Dual-Axis Charts: Better Alternatives

plot of chunk unnamed-chunk-11

Alternatives to Dual-Axis Charts

In a previous blog post called 'Dual-Axis Charts: Temptations, Traps, Tips', I went through some of the pitfalls of using dual-axis charts. These are charts where you want to compare two metrics or data attributes but there are vastly different scales involved, so you reach for a layout with two y-axes in order to deal with the scales separately. I acknowledged this as a tempting choice, but fraught with danger due to at least a couple of common issues:

  1. Misrepresentation due to mixed scales: changing relative scales arbitrarily can suggest different conclusions and imply relationships that may not be as strong (or weak) as they appear.
  2. Difficultly in interpretation: these charts require extra mental effort to untangle the lines and associate them with their respective data points.

I also provided some basic tips on how to avoid/minimize these issues with dual-axis charts so here I want to try out some alternatives that may provide even better options for communicating effectively with data.

As noted in the previous post, there are two common scenarios where dual-axis charts come up and we will walk through alternatives for each of them.

  1. Comparing trends in two (or more) similar data sets that have vastly different scales.
  2. Comparing a volume metric with a related rate or ratio metric. (so, again, vastly different scales)

As usual, the examples here are produced using R, with ggplot2 package as the preferred visualization tool.

Scenario 1: Compare trends in similar metrics from two datasets

Same example as previous post: prices history of two different crypotcurrencies – Cardano, with its token ADA and Bitcoin (BTC).

To recap our initial setup:

As always, the visualization choice should be based on what questions we are trying to answer, what we are hoping to learn, and, ultimately what decisions we want to make.

If we are starting with general exploration, we still need to frame it up. Our first thought may be to compare prices over a recent period, to answer questions like:

  • What are the relative changes in the currencies over time?
  • Do the two follow a similar pattern of ups and downs?
  • Are there any points where a general pattern breaks? (could provide focus for further investigation)
  • Eventually: are there ways we can take advantage of these patterns to make investment decisions? (probably beyond initial scope but helps to have that broader perspective)

In this random sample of recent data (Cdn$), we can see the two sets of prices are on much different scales.

2021-02-19 70534 1.17
2021-05-20 49186 2.18
2021-08-08 55067 1.79
2021-09-21 52157 2.55

Line charts stacked vertically

cp01 <- crypto_data %>% ggplot(aes(x=date, y=BTC_CAD))+geom_line()+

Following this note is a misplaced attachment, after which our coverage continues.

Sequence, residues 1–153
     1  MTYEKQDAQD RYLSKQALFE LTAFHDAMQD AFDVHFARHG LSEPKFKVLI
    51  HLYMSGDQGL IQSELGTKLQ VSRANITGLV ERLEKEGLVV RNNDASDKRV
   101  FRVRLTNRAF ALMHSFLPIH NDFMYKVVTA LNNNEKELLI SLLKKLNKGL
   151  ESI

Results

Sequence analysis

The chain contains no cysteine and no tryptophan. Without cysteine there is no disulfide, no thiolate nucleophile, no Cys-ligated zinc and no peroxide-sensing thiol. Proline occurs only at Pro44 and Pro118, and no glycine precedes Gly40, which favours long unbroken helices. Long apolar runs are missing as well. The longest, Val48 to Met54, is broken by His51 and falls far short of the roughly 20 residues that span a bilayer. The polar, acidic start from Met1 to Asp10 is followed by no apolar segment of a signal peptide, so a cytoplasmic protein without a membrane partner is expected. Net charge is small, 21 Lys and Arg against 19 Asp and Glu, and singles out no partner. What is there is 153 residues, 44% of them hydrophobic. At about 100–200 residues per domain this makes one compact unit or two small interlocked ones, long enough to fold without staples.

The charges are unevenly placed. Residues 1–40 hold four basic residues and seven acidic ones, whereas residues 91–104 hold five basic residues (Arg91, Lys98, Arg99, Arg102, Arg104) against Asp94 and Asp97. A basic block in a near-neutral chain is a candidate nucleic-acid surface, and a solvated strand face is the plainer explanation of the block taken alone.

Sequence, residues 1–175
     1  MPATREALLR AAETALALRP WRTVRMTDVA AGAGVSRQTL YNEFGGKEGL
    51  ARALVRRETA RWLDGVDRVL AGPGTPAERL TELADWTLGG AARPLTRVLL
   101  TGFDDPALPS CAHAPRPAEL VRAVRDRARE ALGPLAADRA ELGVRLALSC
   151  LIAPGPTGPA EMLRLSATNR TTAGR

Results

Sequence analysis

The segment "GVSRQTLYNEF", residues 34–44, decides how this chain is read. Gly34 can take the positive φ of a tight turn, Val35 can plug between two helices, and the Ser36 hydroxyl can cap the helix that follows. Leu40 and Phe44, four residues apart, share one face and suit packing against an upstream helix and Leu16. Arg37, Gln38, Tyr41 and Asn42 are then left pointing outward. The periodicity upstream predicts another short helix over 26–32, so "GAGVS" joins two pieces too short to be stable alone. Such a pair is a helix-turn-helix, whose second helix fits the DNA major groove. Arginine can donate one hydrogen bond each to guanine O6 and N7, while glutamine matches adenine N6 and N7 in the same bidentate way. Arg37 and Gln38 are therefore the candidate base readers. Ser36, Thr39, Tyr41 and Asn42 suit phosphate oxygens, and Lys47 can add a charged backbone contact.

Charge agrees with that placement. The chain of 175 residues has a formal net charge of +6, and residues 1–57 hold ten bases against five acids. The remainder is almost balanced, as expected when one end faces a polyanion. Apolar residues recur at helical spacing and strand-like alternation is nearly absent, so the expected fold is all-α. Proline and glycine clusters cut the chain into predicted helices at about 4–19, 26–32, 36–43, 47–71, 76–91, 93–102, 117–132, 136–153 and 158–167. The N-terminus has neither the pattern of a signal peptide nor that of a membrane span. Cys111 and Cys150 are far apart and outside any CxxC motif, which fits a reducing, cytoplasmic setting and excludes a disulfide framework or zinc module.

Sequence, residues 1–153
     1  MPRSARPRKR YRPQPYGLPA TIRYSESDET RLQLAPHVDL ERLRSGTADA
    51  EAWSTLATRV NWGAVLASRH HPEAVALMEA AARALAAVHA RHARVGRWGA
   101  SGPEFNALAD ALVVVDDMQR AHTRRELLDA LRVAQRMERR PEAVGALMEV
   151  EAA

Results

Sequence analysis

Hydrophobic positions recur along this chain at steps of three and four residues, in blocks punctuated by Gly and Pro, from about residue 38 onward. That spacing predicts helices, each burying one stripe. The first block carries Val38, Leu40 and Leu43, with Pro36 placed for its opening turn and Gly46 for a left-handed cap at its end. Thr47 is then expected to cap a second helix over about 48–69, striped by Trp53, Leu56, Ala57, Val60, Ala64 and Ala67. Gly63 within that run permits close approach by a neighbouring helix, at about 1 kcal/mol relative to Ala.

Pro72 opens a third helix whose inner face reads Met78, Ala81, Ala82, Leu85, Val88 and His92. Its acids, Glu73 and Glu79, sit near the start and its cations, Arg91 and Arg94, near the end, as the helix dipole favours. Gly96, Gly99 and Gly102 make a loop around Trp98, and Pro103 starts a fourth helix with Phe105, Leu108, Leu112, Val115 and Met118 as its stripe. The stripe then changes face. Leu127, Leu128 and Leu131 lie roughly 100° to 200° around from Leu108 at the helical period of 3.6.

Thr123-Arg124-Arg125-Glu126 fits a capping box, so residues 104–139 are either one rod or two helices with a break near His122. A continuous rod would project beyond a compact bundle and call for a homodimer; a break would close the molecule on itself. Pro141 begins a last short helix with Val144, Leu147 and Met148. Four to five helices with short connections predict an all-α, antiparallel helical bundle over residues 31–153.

labs(title='BTC (top) and ADA (bottom) prices (CDN$)', x='')+
  theme(axis.text.x = element_blank())
cp02 <- crypto_data %>% ggplot(aes(x=date, y=ADA_CAD))+geom_line()+
#grid.arrange(cp01, cp02, nrow=2)
plot_grid(cp01, cp02, nrow=2, align='v')

plot of chunk crypto-lines-01

Here we still have the issue of scale ratios, but we have some advantages:

  • clear and easy to see which dataset is which.
  • separating the lines puts the focus on general pattern comparison, doesn't create as strong an implication around magnitude of comparative changes and doesn't create distractions like cross-over points, which are meaningless.

We are able to focus on the comparison, not on bending our mind around untangling the lines. This might more easily lead to a follow-up question, like:

  • seems to be some similarity in the trends but not super-consistent, I wonder what the correlation between the lines is?
corel <- cor.test(crypto_data$BTC_CAD, crypto_data$ADA_CAD)
corelcoef <- corel$estimate
corelci_lower <- corel$conf.int[1]
corelci_upper <- corel$conf.int[2]

Quick calculation shows r= 0.386, which is not that strong, and the 95% confidence interval is between 0.292 and 0.474, which seems pretty wide, lowering our sense of the strength of the relationship even further.

There's a whole other rabbit hole we can go down here, if we choose – creating scatterplots and all kinds of things – but for our purposes we'll continue with other visualization strategies.

% Change Comparison

Since a key part of what we are trying to understand is relative change in prices, a logical approach to get away from scale issue is to look at % changes. After calculation, we can get this view:

## calculate % changes day-over-day
crypto_data_pc <- crypto_data %>% mutate(BTC_CAD_pc=BTC_CAD/lag(BTC_CAD)-1,
crypto_data_pc <- crypto_data_pc[-1,]
## produce chart of % changes for each currency
crypto_data_pc %>% ggplot(aes(x=date, y=BTC_CAD_pc))+geom_line(color='goldenrod')+
  geom_line(aes(y=ADA_CAD_pc), color='blue')+
  labs(title='Daily % Changes in Prices (gold=BTC, blue=ADA)', x="", y='Daily % Chg')